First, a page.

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Jodi Riddleberger Activist

Jodi Riddleberger Activist

• To me the idea behind patriotism is the love of and passion for your country. And just like any great idea, if there’s no activity involved, the idea remains an idea.

• Think about our military men and women — they’re the perfect example of action behind the idea. They’ve chosen to be the most patriotic among us; they chose to put the country in front of their own lives. The work and the sacrifice they do on a daily basis is completely inspired by their patriotism and dedication. They’re taking ownership of the idea.

• Each individual citizen has the opportunity to be a great patriot themselves. For myself I feel like I need to put my country’s good before my own. I have the responsibility to speak out when unethical things happen in our government. I have a moral obligation to take action in the political arena to defend liberty, truth, the Constitution.

• I guess in my life patriotism is engaging in the process of supporting the greatness of America through daily activities in our community.

Jo Maeder Author of When I Married My Mother

• I think it means so many choices and so much technology that it can be overwhelming and frustrating, but I am privileged to have these problems.

• Every day its choice choice choice choice, from, ‘Do I want to friend this person?’ ‘Do I want to send this post out to everybody?’ ‘Do I want water that’s flavored or unflavored?’ ‘Do I want yogurt that has fat nor non-fat ?’ It just goes on and on and on. It used to be when you went out to buy cottage cheese you had two choices: small and big. Now it’s, ‘What size curd do you want?’ • We’re living in this world of such bounty. We shouldn’t complain about these things it’s a privilege. We’re a country of bounty in so many unbelievable ways. Yeah, you can get upset with what doesn’ tcome your way or technological glitches that make you want to scream, but were still a land of great opportunity and blessings.

Kevin Smith Filmmaker with Occupy Greensboro

• I took a painting class in New Zealand and there was this guy that loved asking me questions about America… like is it true when you move into a new house that your neighbor will bring you apple pie… or if I knew certain celebrities. Whenever I am abroad I realize how close American pop culture actually is to my identity even though it’s not at the forefront of my mind, like, “Why do I miss baseball?” • I think part of being an American is to claim not to be American in whatever way you can, to say I am Irish or Scottish or Hungarian. I guess if someone asked me I would say I’m Scottish. I honestly don’t think about this stuff very much.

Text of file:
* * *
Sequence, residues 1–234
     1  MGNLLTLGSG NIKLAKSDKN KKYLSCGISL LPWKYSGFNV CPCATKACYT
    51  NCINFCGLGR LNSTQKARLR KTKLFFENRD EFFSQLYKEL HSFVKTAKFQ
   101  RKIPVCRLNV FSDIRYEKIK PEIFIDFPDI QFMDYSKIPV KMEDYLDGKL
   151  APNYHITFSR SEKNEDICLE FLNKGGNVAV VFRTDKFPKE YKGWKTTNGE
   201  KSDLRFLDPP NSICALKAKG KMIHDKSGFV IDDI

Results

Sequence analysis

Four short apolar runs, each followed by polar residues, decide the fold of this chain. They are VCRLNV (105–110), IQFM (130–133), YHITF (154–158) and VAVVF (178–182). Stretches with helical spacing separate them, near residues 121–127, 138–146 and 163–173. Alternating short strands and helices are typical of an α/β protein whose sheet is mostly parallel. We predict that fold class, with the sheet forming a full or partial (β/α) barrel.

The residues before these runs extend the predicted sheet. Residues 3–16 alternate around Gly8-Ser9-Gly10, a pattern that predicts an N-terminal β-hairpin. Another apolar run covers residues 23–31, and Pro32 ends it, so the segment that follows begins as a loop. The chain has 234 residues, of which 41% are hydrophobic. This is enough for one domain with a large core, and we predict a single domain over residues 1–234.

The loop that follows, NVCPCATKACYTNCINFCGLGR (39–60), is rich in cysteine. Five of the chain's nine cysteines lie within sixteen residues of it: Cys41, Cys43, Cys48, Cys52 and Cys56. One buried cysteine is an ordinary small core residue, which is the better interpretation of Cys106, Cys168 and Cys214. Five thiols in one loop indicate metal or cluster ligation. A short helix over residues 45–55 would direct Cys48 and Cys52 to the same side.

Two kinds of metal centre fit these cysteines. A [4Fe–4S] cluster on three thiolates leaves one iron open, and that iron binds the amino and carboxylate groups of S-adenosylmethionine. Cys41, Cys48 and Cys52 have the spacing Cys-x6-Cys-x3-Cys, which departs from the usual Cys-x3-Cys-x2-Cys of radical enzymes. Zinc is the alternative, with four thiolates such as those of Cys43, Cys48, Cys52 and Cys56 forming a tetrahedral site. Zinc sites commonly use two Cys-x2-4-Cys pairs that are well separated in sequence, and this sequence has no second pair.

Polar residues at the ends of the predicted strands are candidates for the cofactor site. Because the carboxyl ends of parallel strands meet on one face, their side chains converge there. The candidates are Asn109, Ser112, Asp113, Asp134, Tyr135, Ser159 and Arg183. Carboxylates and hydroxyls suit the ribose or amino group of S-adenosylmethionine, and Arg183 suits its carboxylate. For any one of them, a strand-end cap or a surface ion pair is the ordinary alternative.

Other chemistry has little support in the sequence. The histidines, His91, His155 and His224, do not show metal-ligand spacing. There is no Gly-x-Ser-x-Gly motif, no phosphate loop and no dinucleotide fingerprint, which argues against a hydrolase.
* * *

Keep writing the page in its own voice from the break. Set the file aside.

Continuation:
• I grew up near the Tennessee border [in North Carolina] so my friends and I would always find creative ways to use illegal fireworks.

That’s the only consistent tradition I’ve ever really had. I’m going to check out the Grimsley fireworks.

• To be an American is to be a paradox where we have so many resources yet it’s never enough, it seems. We strive to be individuals yet we also strive to fit in.

Officer Matthew O’Reilly Winston-Salem police officer

• I come from a military family. Both my parents were in the military, and there’s always been for me a sense of pride. My parents have always instilled that. They were never the type to just bark out orders or anything like that, but they instilled a sense of pride in our country as far as what we were able to do, the freedoms that we have. Although I’m not in the military — I’m only in civilian law enforcement — for me, I see law enforcement as a way to give back to my community for others, and to be part of something more than myself.

• As far as what it means to me to be an American and have these freedoms I’ve been lucky enough to travel abroad several times and to see the differences between what we’re allowed to do and what other people are allowed to do in other countries. It’s tough not to come back to our country and believe that we don’t live in the best country on the planet. The freedoms that we have that people have fought for, that people have died for over the years, it’s been a great thing to give back in some way. Even at a local level, to uphold our freedoms, the rights that we have, to try and make sure that everyone is able to enjoy their lives and to enjoy them in a manner that they see fit without any type of interruption or encroachment by others.

• It gradually dawned on me that there is something else out there. There’s always people out there besides yourself that could use some help — a helping hand, some type of assistance. There’s always folks that need help in some way, shape or form. For me, I guess if there is one moment that might define that for me, I understand like a lot of people back on Sept. 11 — I was actually in college at the time. I was old enough to understand that at that point the rules had changed. In a lot of ways the world as we knew it was not going to be the same. I think a lot of people at that time felt somewhat of a sense of helplessness, as if something needs to be done or there’s a greater effort that need contributing to in some way, shape or form. This is my way of doing that — by going into law enforcement and helping in the public safety realm, something that I could contribute without having to go abroad or something like that.

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